Just like their human companions, cats experience a gradual decline in organ function as they age. These age-related changes include a natural slowing of the cat's resting metabolic rate (RMR), resulting in a decrease in muscle and an increase in body fat, which also increases the likelihood of obesity. While energy needs vary from pet to pet, cats between the ages of 7 and 9 years are at the highest risk for obesity. It is important for you to watch your cat's intake, weight status and physical activity to help offset age-associated loss of muscle.
Remember that your ageing pet has the same nutrient needs as during her earlier years. However, the quantities and the way in which they are provided may have to change. As her metabolism changes, select a diet that is less energy-dense, while still providing essential nutrients.
A sure sign that your cat is entering old age is when she does not jump onto her favorite perch as easily, sleeps more and moves more slowly when awake. In addition, her skin loses its elasticity and becomes less pliable. The decrease in skin elasticity may result in areas of hair loss. Old age also brings a decrease in bone mass. This may be due, in part, to the inadequate absorption of calcium. The age for these developments is around 12 years in cats. Arthritis commonly occurs in mature cats, too, and can be made worse by obesity. Some of this can be managed by proper nutrition, medical therapy and nutriceuticals.
Old age in general may result in a reduction in response to a cat's surroundings and partial loss of vision, hearing and taste. To avoid startling your loving pet, it's a good idea to let your cat see your hand in front of her face before touching her and to call her name before approaching.
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- Hairball Prevention
A mature cat can still develop hairballs and some may experience an increase in hairballs. To help minimise the development of hairballs, feed your cat a diet with a unique combination of beet pulp and cellulose fiber.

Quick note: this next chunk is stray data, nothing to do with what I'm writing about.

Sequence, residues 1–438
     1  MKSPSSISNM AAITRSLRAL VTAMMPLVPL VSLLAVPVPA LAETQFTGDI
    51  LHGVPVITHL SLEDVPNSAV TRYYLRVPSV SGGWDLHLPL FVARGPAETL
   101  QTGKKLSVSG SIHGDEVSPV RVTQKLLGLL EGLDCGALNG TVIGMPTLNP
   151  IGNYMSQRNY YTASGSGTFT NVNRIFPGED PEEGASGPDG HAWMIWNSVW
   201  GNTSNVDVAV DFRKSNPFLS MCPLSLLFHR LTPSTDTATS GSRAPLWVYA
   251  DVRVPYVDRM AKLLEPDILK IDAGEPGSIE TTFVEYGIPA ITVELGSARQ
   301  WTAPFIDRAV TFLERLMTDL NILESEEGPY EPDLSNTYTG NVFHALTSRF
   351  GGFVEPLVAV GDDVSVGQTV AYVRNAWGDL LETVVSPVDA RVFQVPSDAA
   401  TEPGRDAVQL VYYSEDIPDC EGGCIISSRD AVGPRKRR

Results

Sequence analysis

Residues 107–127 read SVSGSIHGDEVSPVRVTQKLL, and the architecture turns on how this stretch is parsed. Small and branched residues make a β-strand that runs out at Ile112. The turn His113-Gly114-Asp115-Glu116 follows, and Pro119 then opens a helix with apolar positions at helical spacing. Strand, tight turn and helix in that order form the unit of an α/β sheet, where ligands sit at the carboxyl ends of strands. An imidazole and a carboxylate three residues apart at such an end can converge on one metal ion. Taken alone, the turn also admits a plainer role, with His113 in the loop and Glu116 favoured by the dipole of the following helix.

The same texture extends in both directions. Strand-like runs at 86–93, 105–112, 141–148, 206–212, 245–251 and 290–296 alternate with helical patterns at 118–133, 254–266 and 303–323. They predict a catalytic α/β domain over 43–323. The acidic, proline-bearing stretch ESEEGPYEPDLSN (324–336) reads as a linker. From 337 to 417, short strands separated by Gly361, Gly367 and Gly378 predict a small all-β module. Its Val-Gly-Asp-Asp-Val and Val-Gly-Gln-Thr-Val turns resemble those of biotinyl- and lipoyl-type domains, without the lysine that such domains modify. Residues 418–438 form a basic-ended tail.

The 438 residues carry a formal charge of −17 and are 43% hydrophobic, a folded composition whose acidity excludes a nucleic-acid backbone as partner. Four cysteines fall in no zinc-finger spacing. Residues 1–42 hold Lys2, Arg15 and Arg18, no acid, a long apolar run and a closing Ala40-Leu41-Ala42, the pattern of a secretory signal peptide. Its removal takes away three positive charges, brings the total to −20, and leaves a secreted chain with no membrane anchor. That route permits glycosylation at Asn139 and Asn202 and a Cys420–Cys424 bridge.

- Mature/Senior Cat Needs
Ageing pets should be fed a diet with a higher percentage of calories from high-quality animal protein and with antioxidants and essential amino acids, like taurine, to help maintain healthy muscle mass and immune function. A little less fat in the diet may also help mature cats if their diet remains rich in fish oils to promote overall health and a beautiful, shiny coat.
Proper tooth and gum care is also important for older pets. Dry foods may assist in maintaining good dental and oral health. You may also need to schedule regular appointments with your veterinarian to monitor tartar build-up or periodontal disease.
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One of the most noticeable changes in mature pets is their resistance to change in their daily routines. Older cats may become more finicky about their eating habits. With a decreased sense of smell and taste, it may be necessary to provide a food with a stronger smell and taste.
As your mature cat slows down, short sustained periods of physical activity will help to enhance circulation, maintain muscle tone and prevent excess weight gain. The level and intensity should be adjusted to your pet's medical condition. Encourage a healthy exercise routine by playing games with your cat for 15 to 30 minutes at least twice a day.